Chancellor George Osborne announced the launch of Help To Buy, a new scheme to help the housing market. The scheme has two parts: a £3.5bn capital spend over three years on shared equity loans, and a new £130BN mortgage guarantee.
Under Help To Buy shared equity loans will be available to anyone with a 5% deposit for a home, not just first-time buyers, and will be equal to 20% of a property’s value. The loan will be interest-free for five years and repaid when the property is sold. The scheme will begin on 1 April 2013.
One potential downside of the scheme is that the shared equity loans will only be available for newly-built homes. Osborne said it was “A great deal for homebuyers and homebuilders.”
Homebuyers on all incomes can apply for the loans but the property cannot be worth more than £600,000 which the Chancellor says accounts for 90% of homes.
The second part of Help To Buy is a new mortgage guarantee which will help mortgage lenders lend to buyers without a big deposit.
The £130bn guarantee package will begin at the start of 2014 for three years. The scheme will be available to all homeowners, including those moving up the housing ladder.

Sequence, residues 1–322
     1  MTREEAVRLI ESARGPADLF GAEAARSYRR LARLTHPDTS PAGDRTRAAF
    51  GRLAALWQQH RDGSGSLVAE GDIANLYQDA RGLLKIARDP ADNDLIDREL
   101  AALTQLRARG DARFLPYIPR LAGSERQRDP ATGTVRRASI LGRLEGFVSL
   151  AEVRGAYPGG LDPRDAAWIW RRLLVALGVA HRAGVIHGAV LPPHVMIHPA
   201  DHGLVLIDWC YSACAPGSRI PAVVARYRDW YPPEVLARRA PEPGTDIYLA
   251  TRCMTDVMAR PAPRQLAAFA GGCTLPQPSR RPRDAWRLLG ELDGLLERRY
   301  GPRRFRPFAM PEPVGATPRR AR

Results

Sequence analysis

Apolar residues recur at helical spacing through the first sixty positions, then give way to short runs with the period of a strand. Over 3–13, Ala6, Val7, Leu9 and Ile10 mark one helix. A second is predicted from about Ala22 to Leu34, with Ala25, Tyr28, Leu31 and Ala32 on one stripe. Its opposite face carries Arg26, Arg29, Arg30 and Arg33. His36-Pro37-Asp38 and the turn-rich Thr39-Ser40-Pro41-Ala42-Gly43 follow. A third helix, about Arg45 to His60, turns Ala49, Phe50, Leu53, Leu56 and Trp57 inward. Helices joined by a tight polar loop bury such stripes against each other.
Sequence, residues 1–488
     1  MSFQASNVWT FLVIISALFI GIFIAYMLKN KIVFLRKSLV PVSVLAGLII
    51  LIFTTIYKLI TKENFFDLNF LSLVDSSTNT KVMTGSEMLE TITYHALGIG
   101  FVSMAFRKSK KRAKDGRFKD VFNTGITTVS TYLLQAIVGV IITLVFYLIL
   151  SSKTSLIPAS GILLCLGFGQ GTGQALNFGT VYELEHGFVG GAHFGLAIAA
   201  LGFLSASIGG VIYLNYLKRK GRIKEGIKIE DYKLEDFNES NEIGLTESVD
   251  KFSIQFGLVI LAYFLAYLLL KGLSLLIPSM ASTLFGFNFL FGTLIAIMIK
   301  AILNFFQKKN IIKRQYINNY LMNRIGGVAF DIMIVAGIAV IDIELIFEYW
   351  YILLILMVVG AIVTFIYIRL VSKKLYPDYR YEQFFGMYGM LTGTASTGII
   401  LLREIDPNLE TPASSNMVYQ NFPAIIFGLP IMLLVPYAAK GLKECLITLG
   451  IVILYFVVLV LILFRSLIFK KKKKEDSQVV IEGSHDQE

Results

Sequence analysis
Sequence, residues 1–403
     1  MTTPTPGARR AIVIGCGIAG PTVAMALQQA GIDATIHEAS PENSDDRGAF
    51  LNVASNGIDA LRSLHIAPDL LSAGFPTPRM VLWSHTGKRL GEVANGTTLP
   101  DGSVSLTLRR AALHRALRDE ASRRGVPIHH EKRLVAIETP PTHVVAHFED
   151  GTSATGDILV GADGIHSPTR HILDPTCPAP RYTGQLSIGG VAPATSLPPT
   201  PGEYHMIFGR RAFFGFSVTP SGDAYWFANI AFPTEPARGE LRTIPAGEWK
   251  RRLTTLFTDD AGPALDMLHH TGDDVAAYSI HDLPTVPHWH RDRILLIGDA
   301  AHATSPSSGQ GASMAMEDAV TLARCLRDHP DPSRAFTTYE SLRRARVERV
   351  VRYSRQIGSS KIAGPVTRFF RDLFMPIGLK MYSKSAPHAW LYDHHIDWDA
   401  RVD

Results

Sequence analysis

For both schemes, borrowers will need to meet appropriate tests to ensure they can pay back the mortgage, as well passing their chosen lender’s credit and affordability checks.
Under Help To Buy mortgages will need to be taken out on a capital repayment basis, not interest-only, and are only available to owner-occupiers, not buy-to-let landlords.
Help To Buy was cautiously welcomed by mortgage lenders.
Council of Mortgage Lenders (CML) director general Paul Smee said: “The announcement of Help to Buy which will help mitigate the risk of those lending low deposit mortgages shows a positive re-focus on promoting home ownership. The benefits will not be immediate, and we need to look at the detail of implementation, but this could have a significant impact in the medium term.”
Stephen Noakes, mortgage director at Lloyds Banking Group, said: “We are very supportive of innovation in the housing market and believe that the mortgage guarantee scheme will give a much needed boost to the housing market and most importantly address the issue of accessibility.
“Since the launch of the Government’s Funding for Lending scheme we have seen mortgage rates hit an all-time low, really making a difference to affordability. These proposals will, just as importantly, address accessibility, and provide a genuine solution to the challenge of raising a deposit. Working together these two schemes will get more people on and moving up the property ladder.
“Crucially, this scheme will not only help first time buyers but also second steppers, a key segment of the housing market that is also in need of more support and attention.”
By Emma Lunn